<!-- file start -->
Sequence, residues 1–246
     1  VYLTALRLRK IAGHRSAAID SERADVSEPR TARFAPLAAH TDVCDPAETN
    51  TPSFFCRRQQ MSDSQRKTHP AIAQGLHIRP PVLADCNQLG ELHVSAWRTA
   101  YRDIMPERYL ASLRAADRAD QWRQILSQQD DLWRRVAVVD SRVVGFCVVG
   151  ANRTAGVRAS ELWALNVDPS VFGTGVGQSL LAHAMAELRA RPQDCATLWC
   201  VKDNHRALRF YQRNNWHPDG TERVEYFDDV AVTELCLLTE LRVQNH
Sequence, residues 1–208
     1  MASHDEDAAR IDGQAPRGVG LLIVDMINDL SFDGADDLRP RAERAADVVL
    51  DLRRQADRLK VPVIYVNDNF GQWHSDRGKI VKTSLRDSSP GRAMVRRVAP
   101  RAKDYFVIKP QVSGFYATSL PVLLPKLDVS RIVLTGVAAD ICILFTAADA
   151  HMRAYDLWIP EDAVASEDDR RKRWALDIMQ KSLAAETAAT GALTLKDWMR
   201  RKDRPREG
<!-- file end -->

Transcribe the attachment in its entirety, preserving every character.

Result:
Sequence, residues 1–246
     1  VYLTALRLRK IAGHRSAAID SERADVSEPR TARFAPLAAH TDVCDPAETN
    51  TPSFFCRRQQ MSDSQRKTHP AIAQGLHIRP PVLADCNQLG ELHVSAWRTA
   101  YRDIMPERYL ASLRAADRAD QWRQILSQQD DLWRRVAVVD SRVVGFCVVG
   151  ANRTAGVRAS ELWALNVDPS VFGTGVGQSL LAHAMAELRA RPQDCATLWC
   201  VKDNHRALRF YQRNNWHPDG TERVEYFDDV AVTELCLLTE LRVQNH
Sequence, residues 1–208
     1  MASHDEDAAR IDGQAPRGVG LLIVDMINDL SFDGADDLRP RAERAADVVL
    51  DLRRQADRLK VPVIYVNDNF GQWHSDRGKI VKTSLRDSSP GRAMVRRVAP
   101  RAKDYFVIKP QVSGFYATSL PVLLPKLDVS RIVLTGVAAD ICILFTAADA
   151  HMRAYDLWIP EDAVASEDDR RKRWALDIMQ KSLAAETAAT GALTLKDWMR
   201  RKDRPREG